Jane Austen and the mystery of the shrinking 10-pound note? - Aviva

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Jane Austen and the mystery of the shrinking 10-pound note?

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AR011037 09/2017

July saw the launch of the new 10-pound note, featuring Jane Austen on the 200th anniversary of her death in 1817[1].

The latest price inflation figure now sits at 2.9% - exceeding the government’s 2% target for the sixth month in a row[2]. Our analysis shows how inflation has shrunk the purchasing power of ten pounds since 1817, by nearly 99 per cent[3].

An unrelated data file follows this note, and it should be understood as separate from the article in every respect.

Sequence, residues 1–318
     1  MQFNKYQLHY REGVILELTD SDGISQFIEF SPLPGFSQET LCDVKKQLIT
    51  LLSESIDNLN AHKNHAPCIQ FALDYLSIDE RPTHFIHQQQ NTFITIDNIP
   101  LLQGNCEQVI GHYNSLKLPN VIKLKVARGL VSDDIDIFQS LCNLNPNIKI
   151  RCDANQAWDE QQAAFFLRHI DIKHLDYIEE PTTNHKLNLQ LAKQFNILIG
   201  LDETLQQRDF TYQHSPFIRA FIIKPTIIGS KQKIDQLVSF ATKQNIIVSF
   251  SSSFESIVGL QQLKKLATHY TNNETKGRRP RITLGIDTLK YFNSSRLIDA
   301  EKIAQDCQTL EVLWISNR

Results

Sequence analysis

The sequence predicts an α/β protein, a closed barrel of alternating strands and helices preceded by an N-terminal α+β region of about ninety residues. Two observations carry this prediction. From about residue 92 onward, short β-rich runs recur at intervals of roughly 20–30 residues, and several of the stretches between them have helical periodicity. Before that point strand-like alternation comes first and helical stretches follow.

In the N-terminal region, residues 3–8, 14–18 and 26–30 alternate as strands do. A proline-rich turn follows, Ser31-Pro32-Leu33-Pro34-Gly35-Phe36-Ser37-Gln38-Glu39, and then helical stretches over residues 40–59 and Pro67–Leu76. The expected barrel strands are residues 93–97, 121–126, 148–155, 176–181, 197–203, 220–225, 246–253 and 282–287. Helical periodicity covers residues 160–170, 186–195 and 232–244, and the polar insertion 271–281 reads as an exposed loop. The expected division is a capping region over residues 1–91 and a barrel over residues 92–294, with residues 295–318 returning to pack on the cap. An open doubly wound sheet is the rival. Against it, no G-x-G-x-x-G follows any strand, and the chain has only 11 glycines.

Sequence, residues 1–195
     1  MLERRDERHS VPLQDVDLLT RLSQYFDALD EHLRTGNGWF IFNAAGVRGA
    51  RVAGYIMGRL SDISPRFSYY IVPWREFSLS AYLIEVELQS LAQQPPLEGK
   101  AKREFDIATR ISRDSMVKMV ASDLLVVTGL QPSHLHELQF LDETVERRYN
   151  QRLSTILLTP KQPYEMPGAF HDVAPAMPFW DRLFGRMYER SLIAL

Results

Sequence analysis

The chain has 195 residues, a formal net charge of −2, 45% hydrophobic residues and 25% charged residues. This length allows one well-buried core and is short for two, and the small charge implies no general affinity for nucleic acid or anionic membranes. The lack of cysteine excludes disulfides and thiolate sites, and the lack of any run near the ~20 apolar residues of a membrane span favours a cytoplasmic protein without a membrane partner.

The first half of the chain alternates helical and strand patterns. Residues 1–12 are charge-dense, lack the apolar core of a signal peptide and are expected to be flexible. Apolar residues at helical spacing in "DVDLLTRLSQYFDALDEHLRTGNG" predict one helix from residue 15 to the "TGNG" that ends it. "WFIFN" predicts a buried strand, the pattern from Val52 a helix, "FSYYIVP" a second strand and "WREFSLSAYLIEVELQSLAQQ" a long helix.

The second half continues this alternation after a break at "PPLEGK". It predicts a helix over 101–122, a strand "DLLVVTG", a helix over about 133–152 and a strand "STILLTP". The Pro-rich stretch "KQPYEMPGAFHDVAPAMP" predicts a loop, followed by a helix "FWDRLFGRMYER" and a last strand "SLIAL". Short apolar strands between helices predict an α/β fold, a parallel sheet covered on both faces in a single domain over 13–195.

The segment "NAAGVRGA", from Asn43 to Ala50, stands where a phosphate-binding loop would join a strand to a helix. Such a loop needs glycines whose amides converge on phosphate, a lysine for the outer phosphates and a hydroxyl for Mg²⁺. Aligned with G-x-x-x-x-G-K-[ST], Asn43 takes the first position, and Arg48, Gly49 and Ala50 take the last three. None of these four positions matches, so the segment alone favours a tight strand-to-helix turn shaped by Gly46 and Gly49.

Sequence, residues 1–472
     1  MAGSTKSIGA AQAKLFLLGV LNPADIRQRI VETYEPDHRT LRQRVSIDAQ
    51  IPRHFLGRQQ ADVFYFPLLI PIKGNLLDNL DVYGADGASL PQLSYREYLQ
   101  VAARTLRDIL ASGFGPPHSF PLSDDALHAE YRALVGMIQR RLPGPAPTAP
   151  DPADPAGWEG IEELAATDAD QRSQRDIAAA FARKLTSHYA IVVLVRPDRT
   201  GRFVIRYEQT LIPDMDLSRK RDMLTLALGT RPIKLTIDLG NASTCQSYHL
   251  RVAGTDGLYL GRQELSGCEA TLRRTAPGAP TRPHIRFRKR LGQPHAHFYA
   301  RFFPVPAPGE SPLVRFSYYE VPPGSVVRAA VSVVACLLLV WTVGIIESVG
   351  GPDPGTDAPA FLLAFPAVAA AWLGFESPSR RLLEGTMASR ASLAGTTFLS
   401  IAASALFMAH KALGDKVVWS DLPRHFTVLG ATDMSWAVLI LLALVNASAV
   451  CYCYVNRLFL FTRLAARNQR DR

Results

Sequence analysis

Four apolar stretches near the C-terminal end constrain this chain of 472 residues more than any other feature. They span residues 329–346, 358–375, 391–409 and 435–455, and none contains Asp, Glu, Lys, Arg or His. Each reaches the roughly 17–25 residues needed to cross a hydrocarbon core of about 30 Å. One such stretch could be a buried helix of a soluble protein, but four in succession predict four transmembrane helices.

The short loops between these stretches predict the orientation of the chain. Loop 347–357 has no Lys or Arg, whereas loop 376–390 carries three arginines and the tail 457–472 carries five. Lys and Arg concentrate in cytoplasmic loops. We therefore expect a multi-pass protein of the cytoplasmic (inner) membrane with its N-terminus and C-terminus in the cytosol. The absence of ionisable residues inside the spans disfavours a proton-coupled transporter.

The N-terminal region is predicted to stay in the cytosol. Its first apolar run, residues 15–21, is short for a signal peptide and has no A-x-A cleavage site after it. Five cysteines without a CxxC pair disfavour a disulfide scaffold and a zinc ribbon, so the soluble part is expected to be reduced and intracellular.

The new 13-pence note

Today, 10-pounds has a relative purchasing power of only 13 pence, compared to what it could buy in 1817. If the Bank of England had wanted today’s new ten-pound note to have the same purchasing power it enjoyed in 1817, it should be a786-pound note!

Our own recent research found ‘price increases’ to be the number one financial concern amongst adults in the UK[4].

Inflation silently shrinks the value of cash, and the new 10-pound note allows us to powerfully demonstrate the impact of inflation over time. 

In Mansfield Park, Jane Austen wrote “A large income is the best recipe for happiness I ever heard of.” With cautious budgeting and careful investing, inflation need not mess with that recipe.

   

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